By Aamir Latif
KARACHI, Pakistan (AA) - The killing of an aspiring male model by a police team led by a notorious officer in the port city of Karachi has sparked angry protests in several parts of the country and a huge social media outcry.
Naqeebullah Mehsud, who hails from South Waziristan tribal region was killed last week for being an alleged member of the outlawed Pakistani Taliban.
His family denies the police claim and instead accuses authorities of targeting the 27-year-old youth for being part of the Mehsud clan, which has faced the brunt of security operations in the country’s northwest.
The slain victim used to run a Facebook page with nearly 26,000 followers where he used to post pictures of himself in various modelling poses.
Mehsud’s pictures -- some with his minor children -- sporting a stylish beard stirred a social media debate after the killing, and prompted the country’s top court on Friday to take suo-moto action of the case.
Rao Anwar, the controversial police officer involved in the killing, has been transferred from his post and is now facing an inquiry in the alleged extra-judicial killing case. The notorious officer is known for being an “encounter specialist” for killing dozens of suspects -- some local media reports put his list of kills as high as 200.
Encounters refer to staged shootouts that involve security personnel shooting a suspect dead after alleging the victims were terrorists and had attacked law enforcers first.
Dr. Sanaullah Abbasi, head of the three-member inquiry committee and chief of Sindh provincial police’s counter terrorism cell, said preliminary inquiry of the Mehsud incident had found the slain victim innocent after no links between him and the Taliban could be established, according to Geo News.
The inquiry also found the Anwar claim about Mehsud’s death in a supposed shootout with police personnel “doubtful”, Geo News reported.
“The committee is of unanimous opinion that in order to ensure fair and transparent enquiry of the incident and investigation into the case, Rao Anwar and Superintendent Investigation Altaf Sarwar Malik may be transferred and placed under suspension," a statement from Sindh province police chief A.D Khowaja said on Saturday.
Anwar, however, told local media on Friday that Mehsud was supposedly a hardened criminal who had allegedly served as a guard for Hakimullah Mehsud. Mehsud’s family reject this notion and maintains the victim was picked up by police from his shop earlier this month.
People have also come out in the streets to slam the officer’s extrajudicial killing. Infuriated protesters on Friday blocked a main highway in Karachi to protest the killing. Demonstrations were also held in other cities including Peshawar, capital of northwestern Khyber Pakhtunkhwa province.
- Discrimination against Mehsuds
The Mehsud clan has consistently complained of widespread discrimination ever since some members from among them joined militant and terror groups.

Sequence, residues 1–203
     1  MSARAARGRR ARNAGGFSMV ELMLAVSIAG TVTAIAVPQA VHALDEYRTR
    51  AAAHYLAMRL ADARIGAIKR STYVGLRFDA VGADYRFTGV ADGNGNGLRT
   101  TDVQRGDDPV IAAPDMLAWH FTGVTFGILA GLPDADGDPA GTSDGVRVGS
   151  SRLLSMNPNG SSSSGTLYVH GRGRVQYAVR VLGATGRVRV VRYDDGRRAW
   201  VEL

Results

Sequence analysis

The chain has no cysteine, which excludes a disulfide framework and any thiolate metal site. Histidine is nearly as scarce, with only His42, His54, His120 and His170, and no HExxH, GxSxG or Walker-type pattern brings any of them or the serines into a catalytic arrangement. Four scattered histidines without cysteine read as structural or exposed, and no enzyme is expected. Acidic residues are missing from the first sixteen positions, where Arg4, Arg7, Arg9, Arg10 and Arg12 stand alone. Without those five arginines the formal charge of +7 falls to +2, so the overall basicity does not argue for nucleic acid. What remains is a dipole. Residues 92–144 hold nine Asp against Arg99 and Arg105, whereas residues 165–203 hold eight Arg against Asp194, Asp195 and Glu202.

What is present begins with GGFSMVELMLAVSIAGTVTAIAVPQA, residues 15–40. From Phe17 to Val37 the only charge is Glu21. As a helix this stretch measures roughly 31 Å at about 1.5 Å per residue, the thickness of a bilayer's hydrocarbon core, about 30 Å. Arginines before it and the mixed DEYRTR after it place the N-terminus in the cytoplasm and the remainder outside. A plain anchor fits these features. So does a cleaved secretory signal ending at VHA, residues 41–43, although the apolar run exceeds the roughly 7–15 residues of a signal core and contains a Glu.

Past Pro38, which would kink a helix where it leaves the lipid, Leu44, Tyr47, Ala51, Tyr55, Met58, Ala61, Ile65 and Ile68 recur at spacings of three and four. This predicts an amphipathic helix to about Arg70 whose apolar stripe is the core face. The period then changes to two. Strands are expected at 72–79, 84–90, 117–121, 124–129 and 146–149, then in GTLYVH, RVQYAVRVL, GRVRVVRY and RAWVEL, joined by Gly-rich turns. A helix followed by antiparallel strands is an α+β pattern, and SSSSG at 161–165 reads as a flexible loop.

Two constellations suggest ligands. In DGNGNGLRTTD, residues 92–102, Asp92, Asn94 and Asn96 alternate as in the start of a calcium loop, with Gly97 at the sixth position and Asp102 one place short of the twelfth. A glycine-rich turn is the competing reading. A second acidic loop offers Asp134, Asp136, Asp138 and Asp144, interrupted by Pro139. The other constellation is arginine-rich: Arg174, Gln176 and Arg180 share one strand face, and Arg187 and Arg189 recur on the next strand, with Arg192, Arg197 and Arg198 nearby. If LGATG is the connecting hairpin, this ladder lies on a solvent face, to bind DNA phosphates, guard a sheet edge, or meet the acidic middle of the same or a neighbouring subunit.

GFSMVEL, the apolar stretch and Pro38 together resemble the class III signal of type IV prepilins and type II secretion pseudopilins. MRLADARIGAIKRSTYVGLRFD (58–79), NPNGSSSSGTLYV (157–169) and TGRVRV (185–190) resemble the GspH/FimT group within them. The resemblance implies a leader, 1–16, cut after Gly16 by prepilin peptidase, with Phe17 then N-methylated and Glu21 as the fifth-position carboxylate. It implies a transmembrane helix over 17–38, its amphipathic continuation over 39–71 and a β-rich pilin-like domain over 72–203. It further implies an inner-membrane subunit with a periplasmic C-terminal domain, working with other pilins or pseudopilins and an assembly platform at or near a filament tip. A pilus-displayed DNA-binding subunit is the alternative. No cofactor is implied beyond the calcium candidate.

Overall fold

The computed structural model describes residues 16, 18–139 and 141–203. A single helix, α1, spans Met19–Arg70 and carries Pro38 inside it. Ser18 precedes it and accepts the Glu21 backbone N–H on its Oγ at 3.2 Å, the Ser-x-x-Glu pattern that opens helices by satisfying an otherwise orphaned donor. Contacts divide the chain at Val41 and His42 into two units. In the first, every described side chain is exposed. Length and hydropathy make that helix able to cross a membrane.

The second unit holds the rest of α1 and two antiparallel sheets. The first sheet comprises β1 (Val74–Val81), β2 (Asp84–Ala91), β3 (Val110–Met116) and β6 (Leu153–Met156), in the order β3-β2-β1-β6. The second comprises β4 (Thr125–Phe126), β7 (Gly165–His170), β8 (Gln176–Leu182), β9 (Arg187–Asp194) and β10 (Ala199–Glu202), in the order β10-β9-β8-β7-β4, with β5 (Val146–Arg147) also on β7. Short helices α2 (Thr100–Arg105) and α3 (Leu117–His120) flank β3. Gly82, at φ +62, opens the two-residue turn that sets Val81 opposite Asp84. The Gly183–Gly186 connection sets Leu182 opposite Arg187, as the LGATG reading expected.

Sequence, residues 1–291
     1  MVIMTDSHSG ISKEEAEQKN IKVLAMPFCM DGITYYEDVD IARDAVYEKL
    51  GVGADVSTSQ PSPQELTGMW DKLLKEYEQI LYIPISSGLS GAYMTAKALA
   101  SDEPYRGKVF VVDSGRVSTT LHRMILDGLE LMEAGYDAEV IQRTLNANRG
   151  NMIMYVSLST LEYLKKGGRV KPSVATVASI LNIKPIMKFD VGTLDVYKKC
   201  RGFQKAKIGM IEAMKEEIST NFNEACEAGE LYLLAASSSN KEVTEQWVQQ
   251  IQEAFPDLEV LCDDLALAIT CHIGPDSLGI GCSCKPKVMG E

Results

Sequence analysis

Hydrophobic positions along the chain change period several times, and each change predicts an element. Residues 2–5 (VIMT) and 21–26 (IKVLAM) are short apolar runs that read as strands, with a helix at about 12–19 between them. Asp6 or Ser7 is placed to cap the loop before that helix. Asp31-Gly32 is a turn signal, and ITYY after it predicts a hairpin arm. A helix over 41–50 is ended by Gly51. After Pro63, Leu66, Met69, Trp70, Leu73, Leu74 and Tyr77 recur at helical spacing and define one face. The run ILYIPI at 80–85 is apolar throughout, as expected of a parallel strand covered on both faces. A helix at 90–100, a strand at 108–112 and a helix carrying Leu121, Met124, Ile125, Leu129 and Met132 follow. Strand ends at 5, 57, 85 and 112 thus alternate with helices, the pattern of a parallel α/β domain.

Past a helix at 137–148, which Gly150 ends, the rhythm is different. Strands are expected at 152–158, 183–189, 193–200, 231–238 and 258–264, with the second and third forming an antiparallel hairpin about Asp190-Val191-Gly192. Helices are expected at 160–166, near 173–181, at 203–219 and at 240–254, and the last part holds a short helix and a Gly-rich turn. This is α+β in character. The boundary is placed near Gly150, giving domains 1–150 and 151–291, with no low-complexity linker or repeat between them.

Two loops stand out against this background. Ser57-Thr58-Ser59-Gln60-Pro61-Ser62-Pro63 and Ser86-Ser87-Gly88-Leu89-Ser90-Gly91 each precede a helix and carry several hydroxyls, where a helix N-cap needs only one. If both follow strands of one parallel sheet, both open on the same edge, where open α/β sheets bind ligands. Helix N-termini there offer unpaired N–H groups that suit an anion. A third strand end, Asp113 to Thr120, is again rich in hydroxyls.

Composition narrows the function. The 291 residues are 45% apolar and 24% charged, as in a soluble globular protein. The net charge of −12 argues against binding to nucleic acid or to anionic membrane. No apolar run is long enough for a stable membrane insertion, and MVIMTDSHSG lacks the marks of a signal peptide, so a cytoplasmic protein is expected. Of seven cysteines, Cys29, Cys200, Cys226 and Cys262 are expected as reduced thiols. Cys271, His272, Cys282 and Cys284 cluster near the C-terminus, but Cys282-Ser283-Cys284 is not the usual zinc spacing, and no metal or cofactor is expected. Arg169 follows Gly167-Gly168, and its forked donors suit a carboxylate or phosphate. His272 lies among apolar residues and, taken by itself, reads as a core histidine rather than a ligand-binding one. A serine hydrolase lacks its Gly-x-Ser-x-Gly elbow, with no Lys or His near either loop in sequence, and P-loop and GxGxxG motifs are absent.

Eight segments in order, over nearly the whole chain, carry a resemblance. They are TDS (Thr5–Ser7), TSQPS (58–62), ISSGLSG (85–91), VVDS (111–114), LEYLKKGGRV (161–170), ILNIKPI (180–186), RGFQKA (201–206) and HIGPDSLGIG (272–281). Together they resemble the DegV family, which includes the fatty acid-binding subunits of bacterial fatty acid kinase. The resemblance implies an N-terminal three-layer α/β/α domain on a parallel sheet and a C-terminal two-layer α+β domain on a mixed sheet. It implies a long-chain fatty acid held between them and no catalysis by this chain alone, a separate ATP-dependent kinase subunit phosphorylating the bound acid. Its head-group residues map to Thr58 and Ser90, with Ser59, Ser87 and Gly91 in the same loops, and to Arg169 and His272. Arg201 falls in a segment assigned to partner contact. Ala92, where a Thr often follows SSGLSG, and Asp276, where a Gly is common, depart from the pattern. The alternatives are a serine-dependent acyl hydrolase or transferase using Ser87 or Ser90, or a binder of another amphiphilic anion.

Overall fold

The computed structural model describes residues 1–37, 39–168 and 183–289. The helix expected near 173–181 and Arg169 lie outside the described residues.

Two chiefs of Pakistani Taliban militant group, also known as the Tehreek-e-Taliban Pakistan (TTP), hailed from the Mehsuds.
Baitullah Mehsud founded the militant network in 2007. He was succeeded by Hakimullah Mehsud. Both TTP chiefs were killed in U.S. drone strikes in 2009 and 2013.
The Pakistani Taliban faction has also claimed numerous terrorist attacks in the country, which have left thousands of civilians and military personnel dead.
Security operations launched against the Pakistani Taliban in the northwest has forced thousands of Pashtuns, including Mehsuds, to migrate to other parts of the country in the last decade.
The vast majority of Mehsuds are peace-loving Pakistanis, who can be found involved in various businesses and odd jobs around the country. From running a truck business to gatekeepers of apartment complexes, these enterprising people can now be found in all corners of the country, from northeastern Lahore to southeastern Karachi.
However, in southern Sindh province and northeastern Punjab provinces they are generally treated with suspicion.
Many complain that even banks do not allow them to open an account, while others say they are not given national identification cards and are profiled as Afghan refugees.
Amanullah Mehsud, a green grocer from Karachi’s Shireen Jinnah colony, told Anadolu Agency: “If you travel by bus, train or air, once you show your identity, you will have to go through an exclusive check, just because of the Mehsud tag. It’s so humiliating.”
Rights activists confirm the incidents of racial profiling of Mehsuds.
Human Rights Commission of Pakistan (HRCP) Vice Chairman Asad Iqbal Butt said: “Discrimination against any particular community just because some of its members are involved in terrorism, is totally unethical and against the local and international laws.”
Pakistan’s constitution, he noted, guarantees freedom of movement to any citizen but the government’s indifferent attitude is tantamount to depriving Pakistanis of this particular right.